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Google Compute Engine goes GA

by Lydia Leong  |  December 3, 2013  |  10 Comments

Google Compute Engine (GCE) — Google’s cloud IaaS offering — is now in general availability, an announcement accompanied by a 10% price drop, new persistent disk (which should now pretty much always be used instead of scratch disk), and expanded OS support (though no Microsoft Windows yet). The announcement also highlights two things I wrote about GCE recently, in posts about its infrastructure resilience features — live migration and fast VM restart.

Amazon Web Services (AWS) remains the king of this space and is unlikely to be dethroned anytime soon, although Microsoft Windows Azure is clearly an up-and-coming competitor due to Microsoft’s deep established relationships with business customers. GCE is more likely to target the cloud-natives that are going to AWS right now — companies doing things that the cloud is uniquely well-suited to serve. But I think the barriers to Google moving into mainstream businesses are more of a matter of go-to-market execution, along with trust, track record, and an enterprise-friendly way of doing business — Google’s competitive issues are unlikely to be technology.

In fact, I think that Google is likely to push the market forward in terms of innovation in a way that Azure will not; AWS and Google will hopefully goad each other into one-upsmanship, creating a virtuous cycle of introducing things that customers discover they love, thus creating user demand that pushes the market forward. Google has a tremendous wealth of technological capabilities in-house that it likely can externalize over time. Most organizations can’t do things the way that Google does them, but Google can certainly start making the attempt to make it easier for other organizations to adopt the Google approach to the world, by exposing their tools in an easily-consumable way.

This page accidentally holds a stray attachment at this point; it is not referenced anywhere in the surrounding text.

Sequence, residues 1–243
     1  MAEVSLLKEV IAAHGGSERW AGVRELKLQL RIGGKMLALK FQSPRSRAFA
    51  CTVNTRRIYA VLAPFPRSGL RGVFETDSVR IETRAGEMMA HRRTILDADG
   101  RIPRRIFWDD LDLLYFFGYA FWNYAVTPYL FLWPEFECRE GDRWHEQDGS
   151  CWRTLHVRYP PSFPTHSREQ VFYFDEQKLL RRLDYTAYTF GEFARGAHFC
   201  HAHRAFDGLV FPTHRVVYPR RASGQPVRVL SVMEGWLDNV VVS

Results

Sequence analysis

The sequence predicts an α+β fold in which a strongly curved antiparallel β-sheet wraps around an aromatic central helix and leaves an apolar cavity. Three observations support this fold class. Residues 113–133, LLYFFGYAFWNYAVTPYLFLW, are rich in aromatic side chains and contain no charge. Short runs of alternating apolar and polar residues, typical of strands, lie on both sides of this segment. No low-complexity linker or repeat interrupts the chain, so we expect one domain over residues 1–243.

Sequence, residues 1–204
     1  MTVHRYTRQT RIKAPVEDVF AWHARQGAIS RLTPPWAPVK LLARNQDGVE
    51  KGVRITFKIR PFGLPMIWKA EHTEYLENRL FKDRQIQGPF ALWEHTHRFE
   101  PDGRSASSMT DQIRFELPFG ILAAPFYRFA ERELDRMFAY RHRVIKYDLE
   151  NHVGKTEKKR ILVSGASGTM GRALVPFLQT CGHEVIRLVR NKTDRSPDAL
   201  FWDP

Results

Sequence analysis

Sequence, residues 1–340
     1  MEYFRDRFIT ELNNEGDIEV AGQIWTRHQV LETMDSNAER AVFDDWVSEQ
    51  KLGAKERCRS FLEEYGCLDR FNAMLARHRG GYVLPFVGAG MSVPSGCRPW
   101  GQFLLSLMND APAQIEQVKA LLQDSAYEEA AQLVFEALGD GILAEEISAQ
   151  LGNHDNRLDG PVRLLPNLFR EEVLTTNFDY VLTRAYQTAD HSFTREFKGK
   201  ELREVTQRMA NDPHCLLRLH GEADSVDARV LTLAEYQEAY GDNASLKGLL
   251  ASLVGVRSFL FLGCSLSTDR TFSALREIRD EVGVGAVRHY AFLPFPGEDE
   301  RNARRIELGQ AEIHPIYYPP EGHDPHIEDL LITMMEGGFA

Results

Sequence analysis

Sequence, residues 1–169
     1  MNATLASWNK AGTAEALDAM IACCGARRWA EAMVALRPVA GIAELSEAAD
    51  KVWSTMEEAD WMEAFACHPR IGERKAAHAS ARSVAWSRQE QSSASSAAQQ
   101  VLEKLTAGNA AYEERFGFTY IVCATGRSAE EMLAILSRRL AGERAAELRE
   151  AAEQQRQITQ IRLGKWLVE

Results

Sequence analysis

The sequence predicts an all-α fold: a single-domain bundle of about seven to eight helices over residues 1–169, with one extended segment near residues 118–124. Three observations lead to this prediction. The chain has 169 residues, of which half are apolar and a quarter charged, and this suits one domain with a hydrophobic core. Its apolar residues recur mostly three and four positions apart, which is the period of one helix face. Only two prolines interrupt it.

GCE still lags AWS tremendously in terms of breadth and depth of feature set, of course, but it also has aspects that are immediately more attractive for some workloads. However, it’s now at the point where it’s a viable alternative to AWS for organizations who are looking to do cloud-native applications, whether they’re start-ups or long-established companies. I think the GA of GCE is a demarcation of market eras — we’re now moving into a second phase of this market, and things only get more interesting from here onwards.

Category: infrastructure  

Tags: cloud  iaas  news  

Lydia Leong
Research VP
11 years at Gartner
19 years IT industry

Lydia Leong is a research vice president in the Technology and Service Providers group at Gartner. Her primary research focus is cloud computing, together with Internet infrastructure services, such as Web hosting, content delivery networks…Read Full Bio


Thoughts on Google Compute Engine goes GA